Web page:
3 Methods to Tap into Your Creativity with Ease

Emily Madill
4 min readJun 30, 2022
Shutterstock / Pasuwan

Whether you’re a writer, a painter, a gardener, a builder, or someone who loves cooking, creativity is an ember that lives within us, just waiting to ignite.

For some, this ember is familiar and tended to often. For others, the ember rarely gets stoked.

Navigating daily life within a complicated web of societal dos and don’ts requires energy that can drain even the most dedicated creatives.

We access our creativity best when we are in a calm, openhearted state. But we can also access creativity when we feel stuck, and use it to soothe ourselves.

Creative flow is real. Anyone who has ridden the wave of creativity can attest to coming out the other side feeling whole, exhilarated, alive and at the same time utterly spent.

A creative state allows us to lose ourselves and find ourselves, often simultaneously. But if it feels so good, why don’t we spend more time in it?

If you’re reading this, you likely want to tap into your creativity more often because you know the value of doing so is high.

As someone who writes and creates to process my experiences, I know that creativity is my lifeline. It enriches my life and makes my toughest challenges bearable.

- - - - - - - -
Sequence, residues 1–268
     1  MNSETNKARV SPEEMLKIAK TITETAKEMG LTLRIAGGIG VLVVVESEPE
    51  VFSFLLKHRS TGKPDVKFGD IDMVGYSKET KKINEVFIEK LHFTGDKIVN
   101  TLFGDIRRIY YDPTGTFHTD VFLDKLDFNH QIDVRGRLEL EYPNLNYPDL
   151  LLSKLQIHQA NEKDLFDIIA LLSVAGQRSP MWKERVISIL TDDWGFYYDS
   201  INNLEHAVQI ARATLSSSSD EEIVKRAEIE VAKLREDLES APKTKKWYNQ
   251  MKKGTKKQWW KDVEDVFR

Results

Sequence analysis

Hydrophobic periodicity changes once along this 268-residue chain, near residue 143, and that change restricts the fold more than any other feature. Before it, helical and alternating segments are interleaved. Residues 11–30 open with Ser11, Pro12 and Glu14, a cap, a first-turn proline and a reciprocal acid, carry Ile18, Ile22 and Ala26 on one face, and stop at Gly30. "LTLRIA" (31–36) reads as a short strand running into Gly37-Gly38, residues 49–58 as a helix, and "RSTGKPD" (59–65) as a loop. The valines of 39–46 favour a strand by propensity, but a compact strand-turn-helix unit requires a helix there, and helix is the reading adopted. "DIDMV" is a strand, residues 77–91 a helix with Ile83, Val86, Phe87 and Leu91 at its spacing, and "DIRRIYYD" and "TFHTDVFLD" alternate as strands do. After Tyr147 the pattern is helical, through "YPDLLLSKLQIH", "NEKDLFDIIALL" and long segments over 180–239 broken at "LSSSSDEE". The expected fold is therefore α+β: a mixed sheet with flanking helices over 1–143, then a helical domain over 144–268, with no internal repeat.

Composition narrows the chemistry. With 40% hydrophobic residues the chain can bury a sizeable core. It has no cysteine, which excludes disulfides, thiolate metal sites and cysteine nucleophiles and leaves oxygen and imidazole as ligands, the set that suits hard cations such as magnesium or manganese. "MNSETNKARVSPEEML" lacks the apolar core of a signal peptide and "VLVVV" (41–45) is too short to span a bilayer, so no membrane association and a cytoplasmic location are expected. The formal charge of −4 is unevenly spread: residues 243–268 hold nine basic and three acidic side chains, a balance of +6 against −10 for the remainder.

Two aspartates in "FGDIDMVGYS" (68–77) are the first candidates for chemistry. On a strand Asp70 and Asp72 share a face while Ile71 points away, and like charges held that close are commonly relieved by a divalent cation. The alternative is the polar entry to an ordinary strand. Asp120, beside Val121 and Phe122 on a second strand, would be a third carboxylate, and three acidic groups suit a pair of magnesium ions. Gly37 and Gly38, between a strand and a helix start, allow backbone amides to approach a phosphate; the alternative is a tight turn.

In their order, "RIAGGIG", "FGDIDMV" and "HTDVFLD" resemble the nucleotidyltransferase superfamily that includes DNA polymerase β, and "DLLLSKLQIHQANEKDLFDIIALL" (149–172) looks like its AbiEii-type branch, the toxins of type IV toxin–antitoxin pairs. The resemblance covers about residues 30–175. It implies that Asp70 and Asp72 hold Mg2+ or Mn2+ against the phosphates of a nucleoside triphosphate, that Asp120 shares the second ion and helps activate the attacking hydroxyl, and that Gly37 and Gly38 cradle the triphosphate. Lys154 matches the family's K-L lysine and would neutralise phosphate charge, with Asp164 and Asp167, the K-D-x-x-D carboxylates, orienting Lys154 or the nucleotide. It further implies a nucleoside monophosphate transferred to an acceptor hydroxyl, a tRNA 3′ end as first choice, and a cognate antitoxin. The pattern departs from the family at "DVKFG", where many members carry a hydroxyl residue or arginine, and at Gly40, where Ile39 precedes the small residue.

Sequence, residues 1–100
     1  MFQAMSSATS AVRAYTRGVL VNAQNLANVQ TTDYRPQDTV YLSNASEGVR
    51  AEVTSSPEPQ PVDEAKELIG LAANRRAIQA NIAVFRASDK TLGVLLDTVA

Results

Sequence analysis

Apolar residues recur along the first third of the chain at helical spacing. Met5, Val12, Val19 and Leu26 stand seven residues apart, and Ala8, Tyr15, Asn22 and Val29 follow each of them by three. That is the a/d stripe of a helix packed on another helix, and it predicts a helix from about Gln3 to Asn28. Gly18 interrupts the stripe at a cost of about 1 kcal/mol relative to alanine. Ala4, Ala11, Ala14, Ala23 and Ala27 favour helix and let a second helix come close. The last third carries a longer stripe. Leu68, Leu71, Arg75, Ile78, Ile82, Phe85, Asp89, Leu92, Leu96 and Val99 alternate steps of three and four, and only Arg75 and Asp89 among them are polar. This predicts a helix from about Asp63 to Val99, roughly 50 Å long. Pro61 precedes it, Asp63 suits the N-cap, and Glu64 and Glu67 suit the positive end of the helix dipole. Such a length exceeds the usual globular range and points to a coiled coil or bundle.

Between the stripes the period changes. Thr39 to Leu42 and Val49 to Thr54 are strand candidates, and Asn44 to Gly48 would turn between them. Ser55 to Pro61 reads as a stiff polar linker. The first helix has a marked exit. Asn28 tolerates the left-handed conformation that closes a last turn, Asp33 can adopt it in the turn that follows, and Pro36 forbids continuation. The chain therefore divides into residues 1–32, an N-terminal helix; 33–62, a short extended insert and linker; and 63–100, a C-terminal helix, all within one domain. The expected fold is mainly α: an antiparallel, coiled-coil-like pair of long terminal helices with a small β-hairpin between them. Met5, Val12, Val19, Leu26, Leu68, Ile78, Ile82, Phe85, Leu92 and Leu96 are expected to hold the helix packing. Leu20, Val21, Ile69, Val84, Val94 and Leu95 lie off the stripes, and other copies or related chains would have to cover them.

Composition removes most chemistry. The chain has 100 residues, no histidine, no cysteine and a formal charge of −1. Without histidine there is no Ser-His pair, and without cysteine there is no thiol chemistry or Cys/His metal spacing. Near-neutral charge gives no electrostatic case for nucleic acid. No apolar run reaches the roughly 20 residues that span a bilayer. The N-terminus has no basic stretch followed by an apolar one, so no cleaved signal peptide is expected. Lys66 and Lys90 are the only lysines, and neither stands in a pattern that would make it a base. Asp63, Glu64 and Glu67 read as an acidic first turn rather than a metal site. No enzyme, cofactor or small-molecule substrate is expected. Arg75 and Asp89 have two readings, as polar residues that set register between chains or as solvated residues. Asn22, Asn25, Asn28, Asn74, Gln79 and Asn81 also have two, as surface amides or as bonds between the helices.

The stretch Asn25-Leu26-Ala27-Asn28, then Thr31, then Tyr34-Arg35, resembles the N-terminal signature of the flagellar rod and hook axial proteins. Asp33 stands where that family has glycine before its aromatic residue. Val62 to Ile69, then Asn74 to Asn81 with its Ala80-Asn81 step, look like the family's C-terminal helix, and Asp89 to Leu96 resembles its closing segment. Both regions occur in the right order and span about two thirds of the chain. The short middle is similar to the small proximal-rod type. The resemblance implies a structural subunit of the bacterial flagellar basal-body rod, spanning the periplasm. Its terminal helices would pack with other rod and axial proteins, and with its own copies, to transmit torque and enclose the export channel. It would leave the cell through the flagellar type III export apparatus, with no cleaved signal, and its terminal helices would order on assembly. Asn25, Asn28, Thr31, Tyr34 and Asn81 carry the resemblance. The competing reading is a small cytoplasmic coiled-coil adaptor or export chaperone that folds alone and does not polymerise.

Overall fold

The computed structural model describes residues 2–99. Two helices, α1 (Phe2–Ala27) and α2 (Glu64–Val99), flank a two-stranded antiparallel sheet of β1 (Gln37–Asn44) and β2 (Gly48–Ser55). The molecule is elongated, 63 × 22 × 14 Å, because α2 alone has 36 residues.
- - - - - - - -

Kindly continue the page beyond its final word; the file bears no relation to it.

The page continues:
Here are 3 methods I regularly use to tap into creativity with ease. If they resonate with you, give them a try.

As easy and clean as it might seem to think our way into a creative state, we are better off getting in touch with our emotions. Our feelings are our superpower.

1. Emotions

I have found the work of Hilary Jacobs Hendel, LCSW, to be a transformative guide to moving through emotions to get to a core state where creativity flows with ease. Hilary is a psychotherapist and researcher who has extensively studied the science of emotions. She recommends the Change Triangle® tool for emotional health to guide you from a place of disconnection to your true self. According to Hilary, “being real, or authentic, just feels better. And it leads to all sorts of good things: connection, compassion, calm, creativity, courage and confidence.”

Emily Madill

Author & certified professional coach (ACC) • BA in Business & Psychology. • Thrive Global editor-at-large• Author of 11 books • Coach at BetterUp